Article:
The just cross was popularized by Inez Gaches-Sarraute, who was a corsetier with a degree of medicine. The style was probably the result of several like-minded corsets and medical professionals. It was intended to create fewer health problems and be less restrictive than previous types of corsets. The hourglass corset “suppressed the bust”, and the spoon bucket, which often curved inward for part of its length, “forced the bodies down”, Gaches-Sarraute claimed in his 1900 study Le Corset: Etude Physiologique and Pratique (The Corset: A Physiological and Practical Study ).

Gaches-Sarraute proposed a corset that: released the bust by starting under the breasts; supported, rather than narrowed, the abdomen with a very stiff, straight bush and inflexible boning.

The first element was not problematic, although to create the ‘monobosome’ effect that was in vogue, women began to wear bust followers whose design eventually led to the brassiere.

However, the second feature created more problems. When the straight front cross was worn, laced moderately tight, very little pressure was applied to the abdomen and some of the compression was transferred to the sides of the waist where the boning was easier. However, due to the extreme stiffness at the front of the corset, it was possible to achieve greater reductions in waist size than with the hourglass corset. When the corset was tightened, it put a great deal of pressure on the lower abdomen. This caused the S-curve silhouette: the wearer’s hips were retracted, giving a deep curve to her lower back and her chest pressed forward. In most cases, bandage in a straight corset caused lower back pain, respiratory distress, and knee problems (through hyperextension).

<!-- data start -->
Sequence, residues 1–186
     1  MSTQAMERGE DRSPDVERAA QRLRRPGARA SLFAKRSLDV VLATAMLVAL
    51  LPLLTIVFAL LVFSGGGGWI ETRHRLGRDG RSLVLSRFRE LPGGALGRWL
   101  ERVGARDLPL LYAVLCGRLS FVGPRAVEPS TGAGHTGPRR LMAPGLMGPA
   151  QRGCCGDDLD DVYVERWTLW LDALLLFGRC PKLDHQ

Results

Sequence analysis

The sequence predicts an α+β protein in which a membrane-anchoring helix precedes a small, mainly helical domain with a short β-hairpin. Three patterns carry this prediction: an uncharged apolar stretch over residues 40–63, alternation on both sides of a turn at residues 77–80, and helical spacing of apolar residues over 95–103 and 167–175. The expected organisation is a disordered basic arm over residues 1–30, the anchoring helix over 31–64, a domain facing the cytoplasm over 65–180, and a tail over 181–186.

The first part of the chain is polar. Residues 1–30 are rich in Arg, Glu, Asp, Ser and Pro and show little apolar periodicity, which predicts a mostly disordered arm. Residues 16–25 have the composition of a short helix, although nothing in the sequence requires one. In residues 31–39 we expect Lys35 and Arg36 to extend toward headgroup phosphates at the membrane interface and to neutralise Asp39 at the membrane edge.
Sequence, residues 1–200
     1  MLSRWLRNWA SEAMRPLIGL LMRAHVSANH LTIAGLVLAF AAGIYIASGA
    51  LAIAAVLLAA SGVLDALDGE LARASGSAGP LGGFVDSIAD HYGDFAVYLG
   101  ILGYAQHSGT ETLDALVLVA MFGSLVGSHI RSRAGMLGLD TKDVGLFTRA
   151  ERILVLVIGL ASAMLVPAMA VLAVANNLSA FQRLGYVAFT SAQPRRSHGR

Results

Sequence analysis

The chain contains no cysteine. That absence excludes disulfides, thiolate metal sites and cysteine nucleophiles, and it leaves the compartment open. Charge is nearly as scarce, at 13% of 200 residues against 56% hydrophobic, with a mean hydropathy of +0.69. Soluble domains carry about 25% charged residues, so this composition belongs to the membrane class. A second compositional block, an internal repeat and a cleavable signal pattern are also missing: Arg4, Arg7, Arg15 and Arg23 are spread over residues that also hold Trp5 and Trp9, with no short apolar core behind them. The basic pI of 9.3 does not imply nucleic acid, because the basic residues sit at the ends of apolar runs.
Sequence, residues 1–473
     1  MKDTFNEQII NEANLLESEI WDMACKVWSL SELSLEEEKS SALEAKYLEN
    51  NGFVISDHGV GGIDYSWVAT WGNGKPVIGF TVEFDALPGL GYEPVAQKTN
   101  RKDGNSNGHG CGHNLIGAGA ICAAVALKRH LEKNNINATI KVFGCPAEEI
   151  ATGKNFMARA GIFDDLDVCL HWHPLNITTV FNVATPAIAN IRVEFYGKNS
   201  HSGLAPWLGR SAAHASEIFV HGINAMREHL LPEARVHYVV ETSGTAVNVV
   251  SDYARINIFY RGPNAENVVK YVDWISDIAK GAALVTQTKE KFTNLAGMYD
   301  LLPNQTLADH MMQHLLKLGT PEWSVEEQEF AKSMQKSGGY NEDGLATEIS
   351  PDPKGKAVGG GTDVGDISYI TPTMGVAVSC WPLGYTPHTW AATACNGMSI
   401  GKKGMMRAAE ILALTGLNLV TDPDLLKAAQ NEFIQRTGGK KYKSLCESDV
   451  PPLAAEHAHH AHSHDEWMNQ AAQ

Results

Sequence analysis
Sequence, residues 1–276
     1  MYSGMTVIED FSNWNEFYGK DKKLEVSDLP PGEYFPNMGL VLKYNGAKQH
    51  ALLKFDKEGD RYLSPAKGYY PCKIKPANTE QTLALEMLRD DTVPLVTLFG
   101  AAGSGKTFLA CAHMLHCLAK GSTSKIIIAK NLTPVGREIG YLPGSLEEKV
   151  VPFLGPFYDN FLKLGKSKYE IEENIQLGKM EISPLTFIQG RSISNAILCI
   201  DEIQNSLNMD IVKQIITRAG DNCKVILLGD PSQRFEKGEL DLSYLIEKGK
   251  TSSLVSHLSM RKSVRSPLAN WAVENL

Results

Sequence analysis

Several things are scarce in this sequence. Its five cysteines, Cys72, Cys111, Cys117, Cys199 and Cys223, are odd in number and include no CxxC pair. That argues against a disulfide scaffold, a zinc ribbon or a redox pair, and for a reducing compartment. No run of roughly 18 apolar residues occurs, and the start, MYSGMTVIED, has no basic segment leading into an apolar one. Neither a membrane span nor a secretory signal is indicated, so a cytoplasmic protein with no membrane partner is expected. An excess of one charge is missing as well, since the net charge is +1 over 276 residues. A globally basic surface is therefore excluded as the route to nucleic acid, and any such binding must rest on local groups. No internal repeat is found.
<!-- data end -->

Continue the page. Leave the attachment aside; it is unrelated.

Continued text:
Pipe-shape corsets, 1912 – 1928?

Tubular form was a name sometimes given to a type of cross in fashion from 1908 to 1920. It helped give the sleek, straight silhouette that was a reaction to the exaggerated curves of the S-shape cross.

The tubular corset should not be confused with the tubular stem, which is sometimes found on other corsets, especially the hourglass corset.

Modern history

The corset fell out of fashion in the 1920s in Europe and America, replaced by belts and elastic brass, but survived as costume items. The corset was originally a lingerie outfit and has become a popular outerwear in fetish, BDSM and goth subcultures.

There was a brief revival of the corset in the late 1940s and early 1950s in the shape of the waist. This was used to give the hourglass figure dictated by Christian Dior’s ‘New Look’. However, the use of the waist was limited to haute couture and most women continued to wear belts. This revival was brief as New Look gave way to a less dramatically shaped silhouette.

Since the late 1980s, the corset has experienced periodic revivals, which usually originate in haute couture and have occasionally undergone mainstream fashion. These revivals focus on the corset as a garment rather than underwear. The strongest of these revivals was seen in fall 2001 fashion collections and coincided with the release of the movie Moulin Rouge !, where the costumes included many corsets. Even more recently, Kylie Minogue has again aroused people’s interest in corsets by wearing one for her 2005 tour.

The majority of garments sold as corsets during these recent revivals cannot really be counted as corsets at all. While they often have lacing and boning and generally mimic a historical style of the cross, they have very little influence on the shape of the wearer’s body. This is not the case with the Vollers corsets that we have in stock.